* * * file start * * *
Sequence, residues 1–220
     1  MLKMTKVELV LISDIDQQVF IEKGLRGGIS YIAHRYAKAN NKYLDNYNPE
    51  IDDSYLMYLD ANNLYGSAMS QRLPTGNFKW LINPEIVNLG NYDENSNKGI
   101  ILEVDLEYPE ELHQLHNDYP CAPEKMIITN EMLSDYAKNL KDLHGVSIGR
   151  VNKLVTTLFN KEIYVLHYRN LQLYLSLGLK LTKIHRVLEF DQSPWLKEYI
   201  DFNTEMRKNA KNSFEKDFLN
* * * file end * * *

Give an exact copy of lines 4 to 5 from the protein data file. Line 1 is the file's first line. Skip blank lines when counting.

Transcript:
   101  ILEVDLEYPE ELHQLHNDYP CAPEKMIITN EMLSDYAKNL KDLHGVSIGR
   151  VNKLVTTLFN KEIYVLHYRN LQLYLSLGLK LTKIHRVLEF DQSPWLKEYI